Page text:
займы онлайнпотребительский кредит онлайн
02/05/13 9:59pm
JENNIFER GUSTAVSON PHOTO | Superintendent Nancy Carney, left, with school board president Ann Cotten-DeGrasse at Tuesday’s Board of Education meeting.

JENNIFER GUSTAVSON PHOTO | Superintendent Nancy Carney, left, with school board president Ann Cotten-DeGrasse at Tuesday’s Board of Education meeting.

Over 20 Riverhead School District employees have accepted a retirement incentive offer that Superintendent Nancy Carney described as a vital move to maintain current programs next school year.

During the school board’s regular meeting Tuesday night, a handful of audience members listened as Ms. Carney presented her 2013-2014 preliminary spending plan. If the school board were to roll over all existing programs into next year’s budget, she estimates the current $111.8 million spending plan would need to increase by about $6.6 million next year through a tax levy increase of 7.48 percent.

But since that proposed spending plan would need to be reduced by about $2 million in order to comply with the state-mandated tax levy cap, Ms. Carney said a decision was made to offer the retirement incentive.

“We really do feel that we’re at the point where we can’t reduce anymore without a significant effect on students in a negative way,” she said. “The result in savings [from the retirement incentives] will allow for the preservation of all of our programs that are now in place.”


Although each employee that takes the retirement incentive will receive $20,000, Ms. Carney said the move will still save the district over $70,000 per employee that accepts the offer.

One of the district employee who plans to retire at the end of this school year is physical education teacher and Riverhead Central Faculty Association union president Barbara Barosa.

Ms. Barosa, who has worked in the district for the past 26 years and has been the union president for nearly two decades, said after the meeting that she decided to retire in order to spend more time with her husband, who is also retired.

“The stars were aligned and somebody said ‘Maybe you should go, Barbara,’” she said, adding she would like to continue coaching in the fall if possible.

Ms. Barosa said the union will hold an election in May to fill her position.

After Ms. Barosa thanked the school board for coming up with the cost-saving plan to maintain programs and congratulated her colleagues on their retirements during the public comment portion of the meeting, school board president said Ann Cotten-DeGrasse described the retirement incentive agreement as a “pleasant surprise.”

“It did make a big difference to us,” she told Ms. Barosa. “Thank you.”

In addition to the retirement incentive plan, Ms. Carney’s preliminary spending plan also includes a $583,000 expense for an energy performance contract. She said the investment this year on new energy efficient lighting and windows will ultimately produce savings on future energy costs.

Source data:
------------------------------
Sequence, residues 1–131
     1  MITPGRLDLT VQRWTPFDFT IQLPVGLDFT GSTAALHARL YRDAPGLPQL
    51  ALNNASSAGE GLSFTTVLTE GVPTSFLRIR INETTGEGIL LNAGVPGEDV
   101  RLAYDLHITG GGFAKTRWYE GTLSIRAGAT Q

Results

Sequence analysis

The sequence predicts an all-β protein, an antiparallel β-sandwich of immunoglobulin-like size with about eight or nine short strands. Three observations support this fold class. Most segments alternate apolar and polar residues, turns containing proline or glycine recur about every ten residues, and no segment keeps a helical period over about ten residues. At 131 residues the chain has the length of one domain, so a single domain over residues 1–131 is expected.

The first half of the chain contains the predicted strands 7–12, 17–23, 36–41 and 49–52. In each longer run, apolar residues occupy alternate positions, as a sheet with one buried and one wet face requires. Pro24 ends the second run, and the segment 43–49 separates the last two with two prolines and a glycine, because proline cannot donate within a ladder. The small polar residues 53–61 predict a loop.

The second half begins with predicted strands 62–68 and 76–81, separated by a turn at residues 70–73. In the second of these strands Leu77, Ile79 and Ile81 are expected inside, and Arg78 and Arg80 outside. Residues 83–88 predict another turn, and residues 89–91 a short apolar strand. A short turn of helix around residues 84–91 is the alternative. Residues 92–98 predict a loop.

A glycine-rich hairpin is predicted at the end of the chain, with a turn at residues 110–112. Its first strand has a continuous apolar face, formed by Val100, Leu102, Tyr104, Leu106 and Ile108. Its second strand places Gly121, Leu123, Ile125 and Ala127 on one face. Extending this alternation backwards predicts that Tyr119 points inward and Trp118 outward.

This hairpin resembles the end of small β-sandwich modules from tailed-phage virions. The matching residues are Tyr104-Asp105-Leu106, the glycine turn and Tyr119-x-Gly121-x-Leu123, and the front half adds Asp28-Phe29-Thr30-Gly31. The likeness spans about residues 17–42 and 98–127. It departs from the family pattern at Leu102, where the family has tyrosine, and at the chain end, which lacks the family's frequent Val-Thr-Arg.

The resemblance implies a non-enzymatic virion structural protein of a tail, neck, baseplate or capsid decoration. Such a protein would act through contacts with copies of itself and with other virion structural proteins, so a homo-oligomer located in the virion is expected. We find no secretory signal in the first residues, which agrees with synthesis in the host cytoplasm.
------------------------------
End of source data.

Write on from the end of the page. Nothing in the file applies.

The district will also receive a 6.6 percent increase — totaling over $18 million — in state aid if Governor Andrew Cuomo’s proposed budget is approved.

Here’s the remaining timeline for this year’s budget process for the Riverhead School District:

• Feb. 26: Presentation on regular day school budget, transportation and facilities

• March 12: Presentation on special education, PPS, guidance and other instructional items

• March 19: Presentation on revenues and projected tax levy

• April 9: Presentation on total tentative budget

• April 23: Deadline for school board to adopt proposed budget

• May 21: Budget vote scheduled from 6 a.m. to 9 p.m. at local polling locations

[email protected]

01/09/13 7:00am


Riverhead school officials presented the district’s new standards for teacher and principal evaluations, a state-mandated task the teacher’s union president described as “monumental,” but something the  district should be “proud” of.

During the school board’s regular meeting at the high school auditorium, about 10 people listened as officials explained the district’s new teacher and principal annual professional performance reviews, known as APPR.

The school board unanimously approved a resolution Tuesday to adopt it. The state has imposed a Jan. 17 deadline on school districts to have an approved plan in place or the district will lose state aid.

Riverhead’s assistant superintendent for curriculum and instruction, Lois Etzel, who served on a committee made up of teachers and administrators tasked with coming up with the plan, said not all school workers will have to take part in the new evaluation system.

Although most teachers and all seven principals will have to receive the evaluations, she said the state has excluded some school workers, such as substitute teachers, speech pathologists, psychologists, social workers and librarians.

The evaluation system will consist of four categories: “highly effective,” “effective,” “developing,” and “ineffective.”

Using a mathematical formula, a teacher’s or principal’s score is determined by coupling classroom observations and student assessments.

Riverhead Central Faculty Association union president Barbara Barosa said during the meeting the amount of time teachers and administrators put into creating the plan was “monumental,” adding that the district should be “proud.”

“It’s a very complicated plan,” she said. “It’s not intended to be so. We had to adhere to what the state said we had to make. There are lots of conversion charts…It’s going to be a very interesting procedure for teachers, as well as administrators to administer.”

Ms. Barosa said she believes the state is requiring students to take too many tests, a system she also believes isn’t an equitable way to measure classroom performance.

“Kids are a whole lot more than a test score,” she said. “Teachers are a whole lot more than a test score.”

Now that the district has adopted the plan, Ms. Barosa said revisions are expected to be made as the implementation process unfolds.

“We put a lot of effort into this and it’s not over yet,” she said. “We’re hoping it gets more simple as we go forward.”

Copies of the report weren’t immediately available.

[email protected]

10/25/12 6:48pm

PAUL SQUIRE PHOTO | Supporters hold signs during a rally demanding the state give more funding to local school districts

More than 100 people, including members of the Riverhead School District school board and Congressman Tim Bishop, gathered near the front steps of Pulaski Street School Thursday afternoon to demand the state provide additional funding to schools

Gatherers also criticized the state’s voter-approved tax levy cap.